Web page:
The U.S. National Security Agency has figured out how to hide spying software deep within hard drives made by Western Digital, Seagate, Toshiba and other top manufacturers, giving the agency the means to eavesdrop on the majority of the world’s computers, according to cyber researchers and former operatives.

    • How “omnipotent” hackers tied to NSA hid for 14 years—and were found at last

      In 2009, one or more prestigious researchers received a CD by mail that contained pictures and other materials from a recent scientific conference they attended in Houston. The scientists didn’t know it then, but the disc also delivered a malicious payload developed by a highly advanced hacking operation that had been active since at least 2001. The CD, it seems, was tampered with on its way through the mail.

      It wasn’t the first time the operators—dubbed the “Equation Group” by researchers from Moscow-based Kaspersky Lab—had secretly intercepted a package in transit, booby-trapped its contents, and sent it to its intended destination. In 2002 or 2003, Equation Group members did something similar with an Oracle database installation CD in order to infect a different target with malware from the group’s extensive library. (Kaspersky settled on the name Equation Group because of members’ strong affinity for encryption algorithms, advanced obfuscation methods, and sophisticated techniques.)

    • Obama’s War on Leaks Skirts the Constitution

      The Obama administration is gloating over the recent conviction of Jeffrey Sterling in an Alexandria, Va. federal court for allegedly leaking details of a secret government program called Operation Merlin that was intended to damage Iran’s nuclear program. Attorney General Eric Holder described the verdict as “…a just and appropriate outcome. The defendant’s unauthorized disclosures of classified information compromised operations undertaken in defense of America’s national security. The disclosures placed lives at risk.”

    • U.S. Embedded Spyware Overseas, Report Claims

      The United States has found a way to permanently embed surveillance and sabotage tools in computers and networks it has targeted in Iran, Russia, Pakistan, China, Afghanistan and other countries closely watched by American intelligence agencies, according to a Russian cybersecurity firm.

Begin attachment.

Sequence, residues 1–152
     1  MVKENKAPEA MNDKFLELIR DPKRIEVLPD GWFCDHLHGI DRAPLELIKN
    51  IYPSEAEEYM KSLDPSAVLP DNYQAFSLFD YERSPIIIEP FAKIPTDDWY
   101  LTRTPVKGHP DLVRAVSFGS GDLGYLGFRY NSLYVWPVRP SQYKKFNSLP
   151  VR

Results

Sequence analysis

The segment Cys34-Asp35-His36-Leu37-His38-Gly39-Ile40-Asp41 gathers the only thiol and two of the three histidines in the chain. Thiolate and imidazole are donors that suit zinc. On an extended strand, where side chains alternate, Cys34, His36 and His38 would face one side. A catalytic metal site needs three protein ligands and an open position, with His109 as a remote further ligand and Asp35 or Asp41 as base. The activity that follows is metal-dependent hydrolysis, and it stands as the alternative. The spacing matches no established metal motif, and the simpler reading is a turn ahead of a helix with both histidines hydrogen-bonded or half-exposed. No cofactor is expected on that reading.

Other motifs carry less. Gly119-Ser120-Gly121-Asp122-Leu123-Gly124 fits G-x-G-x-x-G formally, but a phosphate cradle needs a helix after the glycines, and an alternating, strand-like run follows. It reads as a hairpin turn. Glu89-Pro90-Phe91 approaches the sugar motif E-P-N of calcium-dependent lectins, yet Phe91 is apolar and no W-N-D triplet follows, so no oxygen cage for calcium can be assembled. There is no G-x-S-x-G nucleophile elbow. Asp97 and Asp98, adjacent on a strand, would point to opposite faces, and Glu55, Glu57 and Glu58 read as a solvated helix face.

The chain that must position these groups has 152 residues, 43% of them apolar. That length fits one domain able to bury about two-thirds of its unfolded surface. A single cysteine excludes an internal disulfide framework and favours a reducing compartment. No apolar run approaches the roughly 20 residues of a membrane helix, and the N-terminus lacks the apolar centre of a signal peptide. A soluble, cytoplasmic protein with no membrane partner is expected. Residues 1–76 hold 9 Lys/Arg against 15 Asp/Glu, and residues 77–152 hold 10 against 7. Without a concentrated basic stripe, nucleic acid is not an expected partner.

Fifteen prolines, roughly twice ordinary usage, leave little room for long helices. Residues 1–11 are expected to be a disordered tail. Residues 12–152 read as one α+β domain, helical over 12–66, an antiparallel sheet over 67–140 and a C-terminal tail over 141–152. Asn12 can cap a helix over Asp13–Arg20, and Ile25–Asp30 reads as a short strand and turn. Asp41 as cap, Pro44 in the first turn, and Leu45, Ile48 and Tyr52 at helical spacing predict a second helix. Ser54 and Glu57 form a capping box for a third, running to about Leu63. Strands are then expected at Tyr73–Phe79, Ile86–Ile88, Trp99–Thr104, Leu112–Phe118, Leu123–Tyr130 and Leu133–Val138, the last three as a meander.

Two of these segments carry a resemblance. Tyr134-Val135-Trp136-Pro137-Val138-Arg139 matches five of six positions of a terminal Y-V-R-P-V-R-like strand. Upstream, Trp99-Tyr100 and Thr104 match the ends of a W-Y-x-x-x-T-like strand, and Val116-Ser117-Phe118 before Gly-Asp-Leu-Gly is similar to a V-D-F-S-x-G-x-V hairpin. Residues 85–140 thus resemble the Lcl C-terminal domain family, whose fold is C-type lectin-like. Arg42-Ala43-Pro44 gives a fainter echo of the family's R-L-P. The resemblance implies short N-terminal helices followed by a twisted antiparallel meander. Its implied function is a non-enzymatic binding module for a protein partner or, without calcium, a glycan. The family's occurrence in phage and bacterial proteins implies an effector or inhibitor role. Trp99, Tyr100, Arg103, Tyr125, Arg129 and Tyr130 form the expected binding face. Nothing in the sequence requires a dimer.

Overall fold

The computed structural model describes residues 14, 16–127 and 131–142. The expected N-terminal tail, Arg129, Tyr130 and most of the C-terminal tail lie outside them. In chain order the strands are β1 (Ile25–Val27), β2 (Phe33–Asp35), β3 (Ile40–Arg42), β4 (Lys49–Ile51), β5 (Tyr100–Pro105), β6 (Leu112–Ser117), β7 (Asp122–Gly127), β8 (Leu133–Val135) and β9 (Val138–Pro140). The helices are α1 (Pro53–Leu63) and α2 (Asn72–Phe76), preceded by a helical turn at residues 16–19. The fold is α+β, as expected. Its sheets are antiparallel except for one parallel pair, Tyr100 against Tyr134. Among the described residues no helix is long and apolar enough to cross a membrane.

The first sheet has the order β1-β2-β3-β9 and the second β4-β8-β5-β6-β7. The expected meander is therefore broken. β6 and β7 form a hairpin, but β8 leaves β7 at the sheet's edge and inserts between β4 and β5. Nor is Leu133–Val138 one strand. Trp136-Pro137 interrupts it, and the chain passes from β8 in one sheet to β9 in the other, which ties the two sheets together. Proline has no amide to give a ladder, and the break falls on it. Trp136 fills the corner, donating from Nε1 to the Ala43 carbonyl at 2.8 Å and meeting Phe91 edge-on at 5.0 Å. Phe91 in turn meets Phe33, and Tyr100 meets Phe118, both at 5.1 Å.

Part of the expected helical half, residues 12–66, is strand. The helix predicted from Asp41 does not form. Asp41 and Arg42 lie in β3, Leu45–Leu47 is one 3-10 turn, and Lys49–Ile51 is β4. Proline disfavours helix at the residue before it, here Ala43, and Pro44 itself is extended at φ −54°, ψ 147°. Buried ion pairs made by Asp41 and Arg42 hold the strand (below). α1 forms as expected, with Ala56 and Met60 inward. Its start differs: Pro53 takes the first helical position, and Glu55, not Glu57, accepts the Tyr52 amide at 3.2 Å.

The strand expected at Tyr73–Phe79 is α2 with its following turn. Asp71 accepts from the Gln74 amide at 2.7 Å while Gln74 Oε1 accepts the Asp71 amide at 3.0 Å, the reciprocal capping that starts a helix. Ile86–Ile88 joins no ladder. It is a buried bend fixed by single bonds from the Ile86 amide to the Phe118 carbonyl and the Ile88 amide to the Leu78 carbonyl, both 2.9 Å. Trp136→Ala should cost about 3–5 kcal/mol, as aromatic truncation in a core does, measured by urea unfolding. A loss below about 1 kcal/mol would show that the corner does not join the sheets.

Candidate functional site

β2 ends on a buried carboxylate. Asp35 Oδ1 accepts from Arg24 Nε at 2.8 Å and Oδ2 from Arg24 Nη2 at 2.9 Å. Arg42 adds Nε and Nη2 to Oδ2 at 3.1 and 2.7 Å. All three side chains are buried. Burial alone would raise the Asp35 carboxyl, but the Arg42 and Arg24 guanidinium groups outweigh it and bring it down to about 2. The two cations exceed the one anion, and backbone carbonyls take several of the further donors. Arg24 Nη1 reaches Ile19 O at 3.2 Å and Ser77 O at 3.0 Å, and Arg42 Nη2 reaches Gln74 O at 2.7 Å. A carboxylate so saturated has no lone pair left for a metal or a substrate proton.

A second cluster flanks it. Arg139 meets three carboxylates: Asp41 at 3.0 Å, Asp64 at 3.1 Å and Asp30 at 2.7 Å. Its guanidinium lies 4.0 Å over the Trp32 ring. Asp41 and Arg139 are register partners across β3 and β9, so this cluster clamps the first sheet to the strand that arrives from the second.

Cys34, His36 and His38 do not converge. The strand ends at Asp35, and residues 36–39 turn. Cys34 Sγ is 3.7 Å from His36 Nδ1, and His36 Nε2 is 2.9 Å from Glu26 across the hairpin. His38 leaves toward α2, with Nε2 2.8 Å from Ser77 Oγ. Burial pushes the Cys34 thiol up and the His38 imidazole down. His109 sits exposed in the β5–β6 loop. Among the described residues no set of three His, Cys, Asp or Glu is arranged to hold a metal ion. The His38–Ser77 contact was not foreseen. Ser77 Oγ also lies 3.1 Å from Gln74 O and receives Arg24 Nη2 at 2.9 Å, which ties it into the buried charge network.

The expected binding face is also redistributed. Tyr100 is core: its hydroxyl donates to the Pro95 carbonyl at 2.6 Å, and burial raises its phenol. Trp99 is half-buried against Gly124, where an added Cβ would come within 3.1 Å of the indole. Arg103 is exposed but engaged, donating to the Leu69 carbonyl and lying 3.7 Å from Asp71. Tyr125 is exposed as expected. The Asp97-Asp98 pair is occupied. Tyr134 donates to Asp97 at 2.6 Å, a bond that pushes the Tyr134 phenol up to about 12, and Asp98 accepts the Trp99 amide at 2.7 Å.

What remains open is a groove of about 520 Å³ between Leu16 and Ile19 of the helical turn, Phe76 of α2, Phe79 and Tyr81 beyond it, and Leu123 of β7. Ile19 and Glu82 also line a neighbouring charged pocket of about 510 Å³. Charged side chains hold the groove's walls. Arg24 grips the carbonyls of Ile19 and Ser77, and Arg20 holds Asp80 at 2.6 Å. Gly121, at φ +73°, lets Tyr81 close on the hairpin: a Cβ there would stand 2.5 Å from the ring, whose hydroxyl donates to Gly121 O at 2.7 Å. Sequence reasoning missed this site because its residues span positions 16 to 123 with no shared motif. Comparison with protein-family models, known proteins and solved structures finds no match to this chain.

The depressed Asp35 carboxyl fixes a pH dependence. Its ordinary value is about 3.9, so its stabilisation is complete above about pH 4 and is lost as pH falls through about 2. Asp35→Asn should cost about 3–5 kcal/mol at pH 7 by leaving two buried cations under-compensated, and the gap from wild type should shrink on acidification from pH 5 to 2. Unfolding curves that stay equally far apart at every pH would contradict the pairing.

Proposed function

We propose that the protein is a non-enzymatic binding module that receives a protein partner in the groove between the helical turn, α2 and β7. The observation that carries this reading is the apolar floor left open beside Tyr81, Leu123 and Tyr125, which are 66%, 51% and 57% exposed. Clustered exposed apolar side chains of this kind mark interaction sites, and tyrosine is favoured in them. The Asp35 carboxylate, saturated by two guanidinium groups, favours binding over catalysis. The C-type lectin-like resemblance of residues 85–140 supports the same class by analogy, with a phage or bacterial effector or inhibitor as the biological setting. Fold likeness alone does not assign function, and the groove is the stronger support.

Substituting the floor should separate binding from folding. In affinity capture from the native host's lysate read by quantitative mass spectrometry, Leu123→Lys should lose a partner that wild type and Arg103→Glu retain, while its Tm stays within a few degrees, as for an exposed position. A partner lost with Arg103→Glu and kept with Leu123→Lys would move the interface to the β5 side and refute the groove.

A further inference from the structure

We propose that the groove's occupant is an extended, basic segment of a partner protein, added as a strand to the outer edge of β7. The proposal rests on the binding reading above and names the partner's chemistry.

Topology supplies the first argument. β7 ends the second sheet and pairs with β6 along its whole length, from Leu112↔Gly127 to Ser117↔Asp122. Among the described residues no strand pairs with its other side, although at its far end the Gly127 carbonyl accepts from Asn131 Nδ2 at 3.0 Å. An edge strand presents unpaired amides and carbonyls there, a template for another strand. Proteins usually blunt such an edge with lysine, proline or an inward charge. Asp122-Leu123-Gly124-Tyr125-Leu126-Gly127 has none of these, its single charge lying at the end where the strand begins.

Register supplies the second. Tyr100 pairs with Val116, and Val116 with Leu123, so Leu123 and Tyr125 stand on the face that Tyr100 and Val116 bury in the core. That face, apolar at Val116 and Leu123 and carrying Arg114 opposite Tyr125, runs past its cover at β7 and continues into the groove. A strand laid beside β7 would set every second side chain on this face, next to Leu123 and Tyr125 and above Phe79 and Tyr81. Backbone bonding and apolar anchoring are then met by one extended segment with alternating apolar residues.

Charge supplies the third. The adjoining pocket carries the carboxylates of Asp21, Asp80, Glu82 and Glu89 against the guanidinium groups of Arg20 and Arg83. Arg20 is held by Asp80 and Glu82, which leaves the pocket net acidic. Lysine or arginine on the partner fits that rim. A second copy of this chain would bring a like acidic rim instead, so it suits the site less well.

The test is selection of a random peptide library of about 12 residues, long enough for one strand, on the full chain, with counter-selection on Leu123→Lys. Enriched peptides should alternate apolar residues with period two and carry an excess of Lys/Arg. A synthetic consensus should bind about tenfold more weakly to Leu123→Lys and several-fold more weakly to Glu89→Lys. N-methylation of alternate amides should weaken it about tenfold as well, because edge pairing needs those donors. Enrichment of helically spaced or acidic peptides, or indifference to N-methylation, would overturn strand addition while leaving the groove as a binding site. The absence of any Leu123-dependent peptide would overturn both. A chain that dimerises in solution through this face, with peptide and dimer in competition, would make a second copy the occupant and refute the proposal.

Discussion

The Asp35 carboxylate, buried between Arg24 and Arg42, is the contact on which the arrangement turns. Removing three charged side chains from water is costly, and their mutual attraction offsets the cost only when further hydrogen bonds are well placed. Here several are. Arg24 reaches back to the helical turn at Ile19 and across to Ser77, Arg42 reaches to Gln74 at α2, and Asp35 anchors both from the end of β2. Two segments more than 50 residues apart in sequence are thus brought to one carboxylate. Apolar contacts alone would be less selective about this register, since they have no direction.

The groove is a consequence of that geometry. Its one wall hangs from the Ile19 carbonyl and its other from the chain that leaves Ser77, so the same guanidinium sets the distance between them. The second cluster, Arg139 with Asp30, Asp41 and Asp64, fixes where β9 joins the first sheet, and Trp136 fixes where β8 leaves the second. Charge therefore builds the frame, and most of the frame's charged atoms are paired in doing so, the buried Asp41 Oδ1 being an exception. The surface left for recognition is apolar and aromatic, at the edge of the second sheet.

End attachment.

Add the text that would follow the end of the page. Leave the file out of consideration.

In a presentation of its findings at a conference in Mexico on Monday, Kaspersky Lab, the Russian firm, said that the implants had been placed by what it called the “Equation Group,” which appears to be a veiled reference to the National Security Agency and its military counterpart, United States Cyber Command.

    • The NSA hides surveillance software in hard drives

      It’s been known for a while that the NSA will intercept and bug equipment to spy on its soon-to-be owners, but the intellgency agency’s techniques are apparently more clever than first thought. Security researchers at Kaspersky Lab have discovered apparently state-created spyware buried in the firmware of hard drives from big names like Seagate, Toshiba and Western Digital. When present, the code lets snoops collect data and map networks that would otherwise be inaccessible — all they need to retrieve info is for an unwitting user to insert infected storage (such as a CD or USB drive) into an internet-connected PC. The malware also isn’t sitting in regular storage, so you can’t easily get rid of it or even detect it.

  • Civil Rights

    • Jeb Bush in ‘95: We need more for-profit prisons

      Jeb Bush began his political career as a firebrand soldier of the Republican Revolution.

      Although he’s now widely known as the moderate Republican choice for 2016, Bush ran multiple campaigns for Florida governor while promoting the “deinvention of government” through broad privatization and the rapid shrinking of the public sector—including the transformation of the state’s prison system into a for-profit industry.

    • Guantanamo Whistleblower: Guards Rehearsed for Reporter Visits Weeks in Advance

      SN interviewed Joseph Hickman, a former Guantanamo staff sergeant and author of the recently published book, “Murder at Camp Delta: A Staff Sergeant’s Pursuit of the Truth About Guantanamo Bay.” In the book, Hickman alleges that three Guantanamo detainees were murdered at a CIA black site, and that this was later covered up, the deaths portrayed as suicides.

    • Why can’t media describe Chapel Hill murders as terrorism?
    • The everyday terror we all live with